Elizabeth Blair

Beatles fans around the world are paying tribute to the group's longtime producer, Sir George Martin, who died Tuesday at age 90.

Paul McCartney said in a statement, "The world has lost a truly great man who left an indelible mark on my soul and the history of British music." George Martin also left a lasting mark on the art of record production.

Whether horns or harpsichord, so many of the embellishments you hear on the Beatles' songs came from Martin. He wasn't just a good producer, says Grammy-winning producer Nigel Godrich.

First, it's not really black. It's not even a color or a pigment. "Vantablack" is a "material," according to Surrey NanoSystems, the British company that created it.

President Obama has nominated Carla D. Hayden as the next librarian of Congress. If confirmed, she would be the first woman and first African-American ever to lead the world's largest library.

Hayden is currently CEO of the Enoch Pratt Free Library in Baltimore.

In a White House statement, Obama says he and the first lady have known Hayden since she was at the Chicago Public Library, where she was deputy commissioner and chief librarian from 1991-1993.

Screenwriter Meg LeFauve is having a very good year. She's nominated for an Oscar as one of the writers of Pixar's deeply original, animated movie Inside Out; she wrote the screenplay for The Good Dinosaur; and now she's co-writing the female superhero movie Captain Marvel. According to actress Jodie Foster, LeFauve's mentor and one-time collaborator, her gifts as a writer mirror her gifts as a person: sensitivity combined with a "keen, precise mind."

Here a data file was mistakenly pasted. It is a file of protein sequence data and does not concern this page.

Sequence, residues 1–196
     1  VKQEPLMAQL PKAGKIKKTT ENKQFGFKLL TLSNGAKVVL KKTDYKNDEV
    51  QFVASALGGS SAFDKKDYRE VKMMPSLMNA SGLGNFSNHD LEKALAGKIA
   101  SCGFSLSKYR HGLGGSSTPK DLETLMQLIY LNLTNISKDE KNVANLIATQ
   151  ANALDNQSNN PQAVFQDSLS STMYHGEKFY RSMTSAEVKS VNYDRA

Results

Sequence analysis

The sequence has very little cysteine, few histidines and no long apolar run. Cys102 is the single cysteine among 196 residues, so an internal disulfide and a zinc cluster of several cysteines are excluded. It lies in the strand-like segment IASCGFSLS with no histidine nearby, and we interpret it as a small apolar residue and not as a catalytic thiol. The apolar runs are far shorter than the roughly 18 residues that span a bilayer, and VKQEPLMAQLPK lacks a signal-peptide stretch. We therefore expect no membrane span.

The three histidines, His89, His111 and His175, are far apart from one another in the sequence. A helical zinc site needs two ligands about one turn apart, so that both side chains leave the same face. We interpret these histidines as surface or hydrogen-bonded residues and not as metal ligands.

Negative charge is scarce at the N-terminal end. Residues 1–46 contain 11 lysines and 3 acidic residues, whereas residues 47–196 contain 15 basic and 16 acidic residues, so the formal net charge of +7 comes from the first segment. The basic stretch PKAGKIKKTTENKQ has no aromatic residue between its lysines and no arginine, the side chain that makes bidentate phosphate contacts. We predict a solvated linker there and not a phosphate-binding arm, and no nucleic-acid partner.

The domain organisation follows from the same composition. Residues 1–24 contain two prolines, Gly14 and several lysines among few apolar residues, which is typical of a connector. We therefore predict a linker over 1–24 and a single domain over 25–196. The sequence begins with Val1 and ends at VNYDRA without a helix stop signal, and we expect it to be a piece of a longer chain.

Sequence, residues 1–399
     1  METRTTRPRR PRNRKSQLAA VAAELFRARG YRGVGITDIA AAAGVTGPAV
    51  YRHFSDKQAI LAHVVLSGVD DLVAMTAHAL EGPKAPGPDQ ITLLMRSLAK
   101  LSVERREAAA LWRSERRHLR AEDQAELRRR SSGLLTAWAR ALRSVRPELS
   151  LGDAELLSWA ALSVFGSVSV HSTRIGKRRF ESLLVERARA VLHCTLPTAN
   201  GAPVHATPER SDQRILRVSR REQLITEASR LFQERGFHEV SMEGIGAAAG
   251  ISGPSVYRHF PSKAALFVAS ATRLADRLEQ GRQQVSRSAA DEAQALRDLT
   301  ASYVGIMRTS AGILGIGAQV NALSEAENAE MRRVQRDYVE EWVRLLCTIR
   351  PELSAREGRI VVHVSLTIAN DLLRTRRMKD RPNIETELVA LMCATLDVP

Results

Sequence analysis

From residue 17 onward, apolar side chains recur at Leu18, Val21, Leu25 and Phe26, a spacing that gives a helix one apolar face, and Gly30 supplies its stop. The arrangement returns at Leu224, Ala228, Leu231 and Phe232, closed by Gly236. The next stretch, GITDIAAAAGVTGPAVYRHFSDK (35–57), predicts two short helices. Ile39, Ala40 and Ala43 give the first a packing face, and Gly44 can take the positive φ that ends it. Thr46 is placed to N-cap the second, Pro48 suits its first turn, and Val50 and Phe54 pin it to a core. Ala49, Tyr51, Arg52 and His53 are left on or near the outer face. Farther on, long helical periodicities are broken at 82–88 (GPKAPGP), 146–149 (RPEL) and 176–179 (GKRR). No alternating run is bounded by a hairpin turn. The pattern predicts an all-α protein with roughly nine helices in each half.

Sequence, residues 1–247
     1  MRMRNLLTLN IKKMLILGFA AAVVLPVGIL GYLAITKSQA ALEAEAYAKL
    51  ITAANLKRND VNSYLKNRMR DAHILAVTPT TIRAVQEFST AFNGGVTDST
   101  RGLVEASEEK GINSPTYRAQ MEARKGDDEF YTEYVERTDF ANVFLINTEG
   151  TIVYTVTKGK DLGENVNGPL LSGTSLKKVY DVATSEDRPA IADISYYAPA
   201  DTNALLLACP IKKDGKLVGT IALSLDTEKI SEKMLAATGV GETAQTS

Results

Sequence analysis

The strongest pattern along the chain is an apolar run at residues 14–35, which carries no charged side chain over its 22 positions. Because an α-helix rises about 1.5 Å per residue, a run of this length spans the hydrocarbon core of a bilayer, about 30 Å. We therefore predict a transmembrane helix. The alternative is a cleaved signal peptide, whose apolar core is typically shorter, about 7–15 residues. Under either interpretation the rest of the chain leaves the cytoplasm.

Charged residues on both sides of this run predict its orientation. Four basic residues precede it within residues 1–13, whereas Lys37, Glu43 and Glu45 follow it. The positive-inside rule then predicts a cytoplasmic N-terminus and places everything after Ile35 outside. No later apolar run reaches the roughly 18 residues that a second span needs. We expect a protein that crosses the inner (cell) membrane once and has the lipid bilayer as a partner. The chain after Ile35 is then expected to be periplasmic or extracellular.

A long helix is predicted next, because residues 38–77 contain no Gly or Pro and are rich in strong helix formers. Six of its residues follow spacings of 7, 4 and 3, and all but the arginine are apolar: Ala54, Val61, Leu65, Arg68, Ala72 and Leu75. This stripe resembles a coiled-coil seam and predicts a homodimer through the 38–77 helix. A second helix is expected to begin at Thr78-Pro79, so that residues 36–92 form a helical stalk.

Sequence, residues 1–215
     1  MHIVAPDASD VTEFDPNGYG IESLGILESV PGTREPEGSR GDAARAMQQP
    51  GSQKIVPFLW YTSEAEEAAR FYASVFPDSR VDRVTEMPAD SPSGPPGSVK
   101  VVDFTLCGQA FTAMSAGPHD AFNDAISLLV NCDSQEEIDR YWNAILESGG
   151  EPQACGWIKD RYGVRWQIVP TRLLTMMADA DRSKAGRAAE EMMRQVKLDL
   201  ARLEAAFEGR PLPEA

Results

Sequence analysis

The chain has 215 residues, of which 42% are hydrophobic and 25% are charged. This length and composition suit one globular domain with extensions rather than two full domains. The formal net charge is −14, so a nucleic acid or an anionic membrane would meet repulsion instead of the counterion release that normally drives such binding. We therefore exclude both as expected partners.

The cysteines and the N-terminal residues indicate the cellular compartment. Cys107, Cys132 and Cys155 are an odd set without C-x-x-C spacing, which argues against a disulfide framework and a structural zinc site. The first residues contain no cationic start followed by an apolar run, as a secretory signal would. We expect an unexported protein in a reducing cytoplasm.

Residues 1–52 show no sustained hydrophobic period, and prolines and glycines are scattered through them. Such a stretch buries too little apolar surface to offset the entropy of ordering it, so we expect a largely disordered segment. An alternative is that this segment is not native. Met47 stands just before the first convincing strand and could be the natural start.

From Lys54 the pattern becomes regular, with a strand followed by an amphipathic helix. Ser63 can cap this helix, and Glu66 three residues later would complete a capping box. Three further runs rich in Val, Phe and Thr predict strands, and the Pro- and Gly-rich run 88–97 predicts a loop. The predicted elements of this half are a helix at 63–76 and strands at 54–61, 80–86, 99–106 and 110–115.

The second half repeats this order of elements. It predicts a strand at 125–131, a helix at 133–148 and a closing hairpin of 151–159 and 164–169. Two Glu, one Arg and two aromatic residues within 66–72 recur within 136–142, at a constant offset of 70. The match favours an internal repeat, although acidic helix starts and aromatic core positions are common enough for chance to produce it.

T.J. Miller has played a dragon slayer in the How to Train Your Dragon movies, a man who doesn't always change his underwear in Big Hero 6 and a pothead who thinks he's a tech rock star in HBO's Silicon Valley. Now Marvel fans will know him as bartender Weasel, best friend to the titular superhero in the new, R-rated comic book movie Deadpool.

The aptly titled Sweat is all about work — and the fear of losing it. In the new play by Pulitzer Prize-winning writer Lynn Nottage, change is coming for workers at a steel tubing plant. "They've got buttons now that can replace all of us," one character says. Sure enough, the company is about to move production to Mexico and ask longtime union workers to accept lower wages. They refuse, and end up locked out and replaced by immigrant labor.

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Transcript

ROBERT SIEGEL, HOST:

It isn't necessarily easy to make funny people laugh, but comedian Amy Poehler says Paula Pell can do it: "She just has this very specific way of telling a joke and being in on the joke," says Poehler.

Comic Bill Burr's new animated Netflix series is set in the 1970s and definitely for mature audiences — think of it as an R-rated cross between All in the Family and The Simpsons.

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